Taking Ownership

Our ongoing theme this year is Sustainability and one of the things we started with is to try to re-use materials and learn about what kinds of things can be recycled and what gets thrown in the garbage. We took the city posters and the kids, in teams, drew pictures of the kinds of things that go in each according to the city of Seattle. It was rather cute.

What goes where?

I also had an idea that we weren’t going to have a jobs board this year and that when the kids saw that things needed to be done, they would just do it. What was great about this experiment is that the kids themselves decided that they wanted a job board and as a result we came up with an activity where they had to come up with the jobs themselves and write job descriptions for each.

We also did an activity with the faculty where, being in a new campus, there are a lot of wrinkles to iron out. We listed what we thought worked and what we thought needed improvement or clarification. I decided to try this with my kids and to my surprise, there were a lot of similarities, but better yet, there were definitely more positives (what is working for them), than things that can be better.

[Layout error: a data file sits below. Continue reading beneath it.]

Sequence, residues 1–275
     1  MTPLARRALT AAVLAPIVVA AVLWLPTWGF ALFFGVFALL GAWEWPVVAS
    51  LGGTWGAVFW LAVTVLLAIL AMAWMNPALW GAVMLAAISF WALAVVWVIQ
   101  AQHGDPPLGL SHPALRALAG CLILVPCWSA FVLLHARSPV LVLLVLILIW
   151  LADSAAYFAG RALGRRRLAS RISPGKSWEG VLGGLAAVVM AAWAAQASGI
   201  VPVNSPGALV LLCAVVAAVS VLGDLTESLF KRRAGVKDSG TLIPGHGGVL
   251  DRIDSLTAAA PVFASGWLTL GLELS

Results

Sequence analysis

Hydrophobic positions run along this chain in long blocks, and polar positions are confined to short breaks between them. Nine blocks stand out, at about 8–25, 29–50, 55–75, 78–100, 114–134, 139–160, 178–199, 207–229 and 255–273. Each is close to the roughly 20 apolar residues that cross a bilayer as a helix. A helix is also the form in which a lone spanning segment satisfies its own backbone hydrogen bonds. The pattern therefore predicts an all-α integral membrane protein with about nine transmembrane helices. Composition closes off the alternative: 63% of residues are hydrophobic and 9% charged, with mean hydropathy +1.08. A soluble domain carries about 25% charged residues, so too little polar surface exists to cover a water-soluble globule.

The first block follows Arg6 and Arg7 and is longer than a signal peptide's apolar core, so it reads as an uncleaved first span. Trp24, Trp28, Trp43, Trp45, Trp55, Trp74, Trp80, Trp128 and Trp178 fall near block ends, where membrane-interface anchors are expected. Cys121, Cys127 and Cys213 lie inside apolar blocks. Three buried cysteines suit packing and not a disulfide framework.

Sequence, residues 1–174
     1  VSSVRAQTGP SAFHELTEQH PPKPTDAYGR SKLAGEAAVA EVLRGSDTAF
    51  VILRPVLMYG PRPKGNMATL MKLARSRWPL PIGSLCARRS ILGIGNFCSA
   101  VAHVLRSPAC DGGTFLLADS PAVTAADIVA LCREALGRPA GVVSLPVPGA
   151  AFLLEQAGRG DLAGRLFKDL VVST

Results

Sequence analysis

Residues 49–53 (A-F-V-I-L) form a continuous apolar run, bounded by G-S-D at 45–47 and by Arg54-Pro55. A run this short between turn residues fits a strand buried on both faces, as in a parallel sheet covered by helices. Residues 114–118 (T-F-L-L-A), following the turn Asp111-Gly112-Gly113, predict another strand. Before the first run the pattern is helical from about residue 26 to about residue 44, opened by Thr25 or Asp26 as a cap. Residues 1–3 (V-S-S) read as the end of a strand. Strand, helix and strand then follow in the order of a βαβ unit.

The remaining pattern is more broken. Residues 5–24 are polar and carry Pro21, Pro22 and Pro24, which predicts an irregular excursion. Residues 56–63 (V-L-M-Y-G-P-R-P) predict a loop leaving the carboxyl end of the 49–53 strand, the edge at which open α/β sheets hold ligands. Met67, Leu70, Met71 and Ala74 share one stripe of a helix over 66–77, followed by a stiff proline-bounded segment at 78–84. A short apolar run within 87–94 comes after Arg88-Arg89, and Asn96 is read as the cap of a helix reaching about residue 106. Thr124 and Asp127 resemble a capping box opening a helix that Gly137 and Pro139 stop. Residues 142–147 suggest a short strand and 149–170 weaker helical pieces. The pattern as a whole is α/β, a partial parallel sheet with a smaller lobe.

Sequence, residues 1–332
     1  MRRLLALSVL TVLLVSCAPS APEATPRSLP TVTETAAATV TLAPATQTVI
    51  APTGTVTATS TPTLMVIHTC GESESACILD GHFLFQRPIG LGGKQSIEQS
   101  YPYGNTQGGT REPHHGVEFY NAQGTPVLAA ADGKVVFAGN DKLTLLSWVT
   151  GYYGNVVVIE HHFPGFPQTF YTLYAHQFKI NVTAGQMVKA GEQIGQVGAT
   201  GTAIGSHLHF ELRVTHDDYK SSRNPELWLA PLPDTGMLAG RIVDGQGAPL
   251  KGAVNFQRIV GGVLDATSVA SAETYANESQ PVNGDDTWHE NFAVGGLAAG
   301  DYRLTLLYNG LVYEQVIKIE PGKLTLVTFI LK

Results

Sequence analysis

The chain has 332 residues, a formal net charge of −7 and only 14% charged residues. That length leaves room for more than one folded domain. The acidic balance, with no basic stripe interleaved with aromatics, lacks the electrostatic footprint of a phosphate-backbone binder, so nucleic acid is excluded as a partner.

Finally, our play areas are slightly different than before and thus need some rules clarified. Discussing what the teachers came up with, and then giving them a chance to add to those or discuss those gives them ownership of those rules.

Making children part of the decision making process in a classroom is something that will enable them to take ownership and work hard to live up to those expectations. Practicing bottom-up decision making, where the teacher is only one voice of many in a classroom allows students to move closer to respect, responsibility, and resourcefulness.

With our new school garden, we will enact a compost program. It’s great to see the fifth graders take ownership in collecting and managing that system. Of course, in a progressive city like Seattle, meat, dairy and eggs can be put in the city’s yard waste as they have high temperature compost facilities. If we want children to begin sorting their compost and behaving that way at home, we need to model it in schools. Keeping a recycle bin, a garbage can, an in-school compost bin, and a city compost bin, may be a bit tricky to organize, but I’m confident that the students can figure this out.

Here’s a great interactive game for kids in Seattle to help them determine where things go that I may try as a review next week. Click Here.


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